Curmudgucation: Schooling for Democracy (Or What is Education For)
I just read a piece that doesn't necessarily say anything new, but puts it all in a useful frame. Let me show you the first paragraph:
There’s no such thing as a “good school” in the abstract. Every school serves a particular community, in a particular time and place, with its own needs and desires. A good school in rural Montana might not be a good school in Midtown Manhattan, just as a good school in 1920 might not be a good school today. This doesn’t mean that we can’t define school quality. It does, however, mean that we can’t define quality without first considering the needs of a school’s time and place.
This is from the Phi Delta Kappan, a publication I don't always trust (hell, they give a platform to William Bennett), written by Jon Valant, a fellow at the Brooking Institution, a place that often demonstrates why economists should stay the heck away from education policy. "Good schools for a troubled democracy" has the hallmark of Brookings writings, a sort of odd atonality tied to the sensation that perhaps within Brookings they never actually read any of the mountains of prose about education policy.
Valant's thesis is that "the school system we have today in the United States--and our conception of a good school--is mismatched to the needs of our time." This will make more sense if you don't think of yourself as included in "we" and "our." His basic framing of modern education history is what makes this piece worthwhile.
Valant focuses on the 1983 report, A Nation at Risk, the infamous Reagan era hit job on public education. While Valant notes that the report did mention the needs for education to create better citizens, "the rhetoric of economic ruin and international competition drowned out the message."
According to the logic of the times, the nation’s most pressing need — and, consequently, the most urgent task for our public schools — was to strengthen the workforce.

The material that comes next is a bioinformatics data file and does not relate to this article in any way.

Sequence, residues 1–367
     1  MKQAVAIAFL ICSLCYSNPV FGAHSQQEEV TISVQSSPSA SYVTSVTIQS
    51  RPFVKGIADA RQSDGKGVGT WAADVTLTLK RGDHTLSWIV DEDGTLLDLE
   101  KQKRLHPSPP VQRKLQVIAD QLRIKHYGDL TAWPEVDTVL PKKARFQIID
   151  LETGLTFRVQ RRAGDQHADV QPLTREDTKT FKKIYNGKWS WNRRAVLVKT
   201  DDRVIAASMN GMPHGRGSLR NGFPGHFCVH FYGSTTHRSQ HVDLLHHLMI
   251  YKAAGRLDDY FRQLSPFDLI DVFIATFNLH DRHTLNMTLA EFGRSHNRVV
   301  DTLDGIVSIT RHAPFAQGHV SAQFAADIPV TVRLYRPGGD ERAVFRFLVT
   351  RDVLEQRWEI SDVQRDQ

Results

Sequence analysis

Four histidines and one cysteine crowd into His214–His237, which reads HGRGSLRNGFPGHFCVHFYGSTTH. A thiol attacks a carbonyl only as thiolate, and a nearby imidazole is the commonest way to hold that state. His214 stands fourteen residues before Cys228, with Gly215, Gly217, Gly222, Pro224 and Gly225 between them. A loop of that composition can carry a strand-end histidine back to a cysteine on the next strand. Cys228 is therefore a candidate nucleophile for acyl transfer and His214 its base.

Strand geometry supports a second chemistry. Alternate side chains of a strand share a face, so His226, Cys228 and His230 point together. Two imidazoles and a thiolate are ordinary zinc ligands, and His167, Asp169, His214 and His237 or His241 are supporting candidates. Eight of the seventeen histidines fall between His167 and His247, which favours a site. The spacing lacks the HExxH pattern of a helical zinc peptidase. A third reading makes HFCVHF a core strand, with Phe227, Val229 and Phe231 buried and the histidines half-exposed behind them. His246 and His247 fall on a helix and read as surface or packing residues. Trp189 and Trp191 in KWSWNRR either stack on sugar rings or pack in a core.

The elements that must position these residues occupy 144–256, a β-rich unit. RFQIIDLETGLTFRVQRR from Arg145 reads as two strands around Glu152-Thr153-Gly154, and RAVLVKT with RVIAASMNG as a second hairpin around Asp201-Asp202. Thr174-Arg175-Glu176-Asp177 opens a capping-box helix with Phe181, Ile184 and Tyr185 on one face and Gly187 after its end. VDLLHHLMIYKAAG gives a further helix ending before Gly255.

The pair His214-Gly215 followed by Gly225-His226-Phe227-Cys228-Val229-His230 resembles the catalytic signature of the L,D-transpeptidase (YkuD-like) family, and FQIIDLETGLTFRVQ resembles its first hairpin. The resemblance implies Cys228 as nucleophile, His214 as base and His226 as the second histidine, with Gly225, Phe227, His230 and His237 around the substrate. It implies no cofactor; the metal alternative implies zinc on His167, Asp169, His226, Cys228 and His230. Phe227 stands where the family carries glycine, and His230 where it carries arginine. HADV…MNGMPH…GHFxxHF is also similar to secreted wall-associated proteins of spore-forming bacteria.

Valant isn't going to get into a discussion of whether the report's analysis was correct or not. He just wants to point to how this formulation affected our ideas about which schools were good or not. Standards and test-based accountability would be the policy solutions that "had an elegance to their logic and at least the appearance of rigor." The system was "fueled by numbers," and before long, "those numbers begat more numbers." Valant muses on how the school rating systems "rely heavily on students' test scores" and his musings are those of a man who is unaware that there's a cottage industry of folks who have already examined, dissected, and written about said system. Well, that's not entirely fair--he cites Daniel Koretz at one point and refers to another issue as "well known." But there's a certain freshness to his approach, and it still gets us to the conclusion we already know--
A good system of measurement and evaluation can be a powerful tool for school improvement. However, we built a bad one, which is worse than having no system at all.
And he wants to make a point that brings us back to the question of good schools:
Our test-based accountability system limits what we, as a nation, believe schools can and should do. The machinery of standardized testing is so impressive, having such a powerful aura of objective truth, that it can trick us into believing that schools are only capable of teaching that which we can readily measure. Let’s call it the wrongheaded idea that “what isn’t measurable isn’t doable.” Testing whether students know how to multiply fractions is easy. Testing whether students are assembling the knowledge, skills, and dispositions that will allow them to listen and respond carefully to each other’s ideas, or to identify and reject propaganda 15 years after they graduate, is hard. That can give the impression that the former is teachable and the latter is not. But that’s not the case. We just aren’t as good at measuring some types of learning as others — and that’s OK. If we fail to appreciate this point, we risk thinking too narrowly about schools’ capabilities.
Well, yes. He's skipping some other critical issues here, like, for instance, the possibility that some folks intend to deliberately narrow our ideas about school's capabilities, the better to monetize and McDonald-ize the whole business.